“And if I tell you Ravka needs a more ruthless ruler?” “I’d say that sounds like the excuse of a ruthless man.” “Who said anything about men?”

Was that this creature’s game? “You wish me to steal my king’s throne? You mistake my ambitions.”

Juris rumbled a laugh. “I mistake nothing. Do you really believe you were meant to spend your life in service? You cannot tell me you have not contemplated what it would mean to be a queen.”

Zoya picked up a tiny agate horse on the mantel, one of a herd of what might be hundreds that flowed over the stone. Was this how Juris spent his eternity? Using fire to fashion tiny reminders of another life? “As if a queen does not live her life in service too. I serve the Grisha. I serve Ravka.”

“Ravka.” He rolled the in a growl. “You serve a nation of ghosts. All those you failed. All those you will continue to fail until you become what you were meant to be.”

All those you failed. What did he know about anything? Zoya set down the horse and rubbed her arms. She didn’t like the way the dragon talked. His words rattled around inside her, made her think of that falling stone, that empty well, that endless hollow. Do not look back, Liliyana had warned her once. Do not look back at me. Zoya hadn’t listened then, but she’d learned to heed those words.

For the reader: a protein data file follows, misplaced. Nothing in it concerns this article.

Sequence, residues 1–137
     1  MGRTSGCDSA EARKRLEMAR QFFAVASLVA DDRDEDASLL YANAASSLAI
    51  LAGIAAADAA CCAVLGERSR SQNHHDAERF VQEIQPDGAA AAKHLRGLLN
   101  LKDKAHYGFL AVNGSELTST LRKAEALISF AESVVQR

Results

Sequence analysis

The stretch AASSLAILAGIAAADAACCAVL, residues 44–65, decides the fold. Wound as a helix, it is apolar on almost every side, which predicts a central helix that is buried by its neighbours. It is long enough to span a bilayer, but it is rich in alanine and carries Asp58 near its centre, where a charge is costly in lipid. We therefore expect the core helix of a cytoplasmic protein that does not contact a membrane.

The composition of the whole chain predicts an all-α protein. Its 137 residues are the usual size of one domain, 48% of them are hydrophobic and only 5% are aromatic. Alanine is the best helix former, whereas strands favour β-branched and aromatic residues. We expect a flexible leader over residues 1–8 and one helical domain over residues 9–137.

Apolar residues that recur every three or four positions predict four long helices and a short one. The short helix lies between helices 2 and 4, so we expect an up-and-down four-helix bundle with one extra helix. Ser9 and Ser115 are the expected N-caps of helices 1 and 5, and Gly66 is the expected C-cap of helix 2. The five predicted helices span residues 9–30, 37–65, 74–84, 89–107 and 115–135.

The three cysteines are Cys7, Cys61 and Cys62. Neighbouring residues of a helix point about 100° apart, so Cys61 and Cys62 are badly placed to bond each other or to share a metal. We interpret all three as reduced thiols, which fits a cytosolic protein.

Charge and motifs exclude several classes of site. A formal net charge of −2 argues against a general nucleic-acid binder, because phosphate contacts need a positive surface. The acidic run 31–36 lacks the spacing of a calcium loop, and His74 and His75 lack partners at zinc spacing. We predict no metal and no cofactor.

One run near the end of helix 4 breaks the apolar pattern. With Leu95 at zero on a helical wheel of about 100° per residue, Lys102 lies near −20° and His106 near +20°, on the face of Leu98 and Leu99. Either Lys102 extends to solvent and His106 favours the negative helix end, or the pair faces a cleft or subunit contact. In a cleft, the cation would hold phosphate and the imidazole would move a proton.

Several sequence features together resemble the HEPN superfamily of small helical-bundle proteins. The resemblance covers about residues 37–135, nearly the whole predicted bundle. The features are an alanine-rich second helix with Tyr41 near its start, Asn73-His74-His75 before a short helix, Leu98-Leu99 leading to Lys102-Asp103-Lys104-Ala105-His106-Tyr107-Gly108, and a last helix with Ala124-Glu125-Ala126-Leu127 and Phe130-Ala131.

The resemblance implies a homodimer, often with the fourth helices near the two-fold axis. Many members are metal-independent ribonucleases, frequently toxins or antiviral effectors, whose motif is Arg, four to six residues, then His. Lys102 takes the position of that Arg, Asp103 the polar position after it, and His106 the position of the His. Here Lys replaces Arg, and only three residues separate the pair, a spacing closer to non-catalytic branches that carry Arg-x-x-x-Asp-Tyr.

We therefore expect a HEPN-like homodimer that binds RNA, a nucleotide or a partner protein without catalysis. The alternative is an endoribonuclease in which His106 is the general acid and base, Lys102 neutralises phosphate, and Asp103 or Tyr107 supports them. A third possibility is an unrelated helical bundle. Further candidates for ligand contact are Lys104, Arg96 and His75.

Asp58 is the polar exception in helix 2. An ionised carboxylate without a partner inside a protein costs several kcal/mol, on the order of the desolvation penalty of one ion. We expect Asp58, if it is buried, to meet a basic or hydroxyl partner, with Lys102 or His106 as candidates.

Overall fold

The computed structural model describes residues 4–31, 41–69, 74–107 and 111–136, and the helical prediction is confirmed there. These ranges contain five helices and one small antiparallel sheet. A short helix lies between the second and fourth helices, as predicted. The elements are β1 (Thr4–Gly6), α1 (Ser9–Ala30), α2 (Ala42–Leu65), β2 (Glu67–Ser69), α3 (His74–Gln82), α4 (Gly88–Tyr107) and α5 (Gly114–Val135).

“Finish your story, old man, or set me free to go find a glass of wine and a nap.”

“You’ll find no wine here, little witch. No sleep either. No respite from oblivion.”

Zoya gave a dismissive wave. “Then set me free to find more interesting company.”

Juris shrugged. “There is little more to tell. A ravening beast came to our land, burning everything in its path, devouring all those who dared oppose it.”

Idly, Zoya touched her finger to the ball of a mace on the wall. Juris must have had the weapons with him when they were trapped on the Fold. “I always thought the dragon was a metaphor.”

Juris looked almost affronted. “For what?”

“Heathen religion, foreign invaders, the perils of the modern world.” “Sometimes a dragon is just a dragon, Zoya Nazyalensky, and I can

assure you no metaphor has ever murdered so many.”

“You’ve never heard Tolya recite poetry. So the great warrior went to meet the dragon in his lair?”

“Just so. Can you imagine my terror?”

“I have an inkling.” She would never forget her first sight of Juris with his vast wings spread—and she wanted to know how he’d bested the beast. “What did you do?”

“What all frightened men do. The night before I was to meet the dragon, I went down on my knees and prayed.”

“Who does a Saint pray to?”